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Found 14 results

  1. Hallo! Welcome to the thread. If you're new to it, welcome aboard! If you're old to it, still- welcome aboard! I've included a "Table of Contents-like" thing to make navigation easier. You can use this for whatever you need: pictures, books, schoolwork maybe, and much more! Here's everything by month: (It starts with July 16 right underneath this) August: http://forum.kerbalspaceprogram.com/index.php?/topic/143974-this-day-in-spaceflight-history/&do=findComment&comment=2700011 September: http://forum.kerbalspaceprogram.com/index.php?/topic/143974-this-day-in-spaceflight-history/&do=findComment&comment=2738034 October: http://forum.kerbalspaceprogram.com/index.php?/topic/143974-this-day-in-spaceflight-history/&do=findComment&comment=2783242 November: http://forum.kerbalspaceprogram.com/index.php?/topic/143974-this-day-in-spaceflight-history/&do=findComment&comment=2835524 December: http://forum.kerbalspaceprogram.com/index.php?/topic/143974-this-day-in-spaceflight-history/&do=findComment&comment=2871511 January: http://forum.kerbalspaceprogram.com/index.php?/topic/143974-this-day-in-spaceflight-history/&do=findComment&comment=2908964 February: http://forum.kerbalspaceprogram.com/index.php?/topic/143974-this-day-in-spaceflight-history/&do=findComment&comment=2941074 March: http://forum.kerbalspaceprogram.com/index.php?/topic/143974-this-day-in-spaceflight-history/&do=findComment&comment=2972834 April: http://forum.kerbalspaceprogram.com/index.php?/topic/143974-this-day-in-spaceflight-history/&do=findComment&comment=3007253 May: http://forum.kerbalspaceprogram.com/index.php?/topic/143974-this-day-in-spaceflight-history/&do=findComment&comment=3042236 On July 16, 1969, the Apollo 11 crew consisting of Buzz Aldrin, Michael Collins, and Neil Armstrong lifted off in a Saturn V rocket on their trip to the Moon on the most ambitious journey ever attempted by humankind. Make sure to check back every day or so on this post for an update!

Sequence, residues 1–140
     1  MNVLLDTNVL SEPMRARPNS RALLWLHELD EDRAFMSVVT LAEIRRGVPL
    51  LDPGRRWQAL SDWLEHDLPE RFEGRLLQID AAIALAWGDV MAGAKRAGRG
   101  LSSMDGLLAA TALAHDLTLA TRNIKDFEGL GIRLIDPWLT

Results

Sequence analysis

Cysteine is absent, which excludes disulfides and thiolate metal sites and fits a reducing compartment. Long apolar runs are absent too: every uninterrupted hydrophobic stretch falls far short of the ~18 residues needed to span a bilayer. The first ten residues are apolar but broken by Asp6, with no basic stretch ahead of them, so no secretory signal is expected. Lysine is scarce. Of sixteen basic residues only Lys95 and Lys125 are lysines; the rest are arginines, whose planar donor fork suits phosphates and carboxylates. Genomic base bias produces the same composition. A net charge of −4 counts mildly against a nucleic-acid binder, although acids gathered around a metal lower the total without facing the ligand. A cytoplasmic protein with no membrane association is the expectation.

2. My Brother and I have an idea to make a rocket that will beat all other armature rockets. and since we play KSP we will be doing it the hard way yes a feat no other person will beat. we will go to orbit. quote " not because it is easy but because it its hard and that goal is one we are willing to accept and one we are unwilling to postpone." so assuming that I live in the Oconee County Region of South Carolina and have a shop will all of the (necessary tools with in reason) to build this rocket. I want to use a liquid fuel and an oxidizer as the first stage. then solid rocket fuel will be next since it is easy to ignite like the explore 1 probe.. payload will be a camera, G.P.S unit, radio transmitter, and some other goodies. now I know that there are some aspects that KSP doesn't teach like rocket plumbing, reaction wheels, etc. I am the senior rocket scientist on this project and my brother will help out in ways he can be useful like helping me do all the work. and to think this is a crazy idea I am trying to keep cost a minimum by using high grade aluminum alloys that I will make my self from soda cans. yes soda cans. from there I can melt them down add copper, zinc, and magnesium, to make a high grade Al 7075-T651 alloy. this may take a long time. now for thermal protection. I have no idea how hot it will get and the only high durable heat resistant material I have Is steel. remotely controlling our craft is another thing unless orbital decay but we have to dual coat the heat shield and have all of the components in a ball and coat it and have a heat shielding coat on it and a parachute recovery system. but I would like a controlled recovery system. preferably a splash down with floats. I will post more later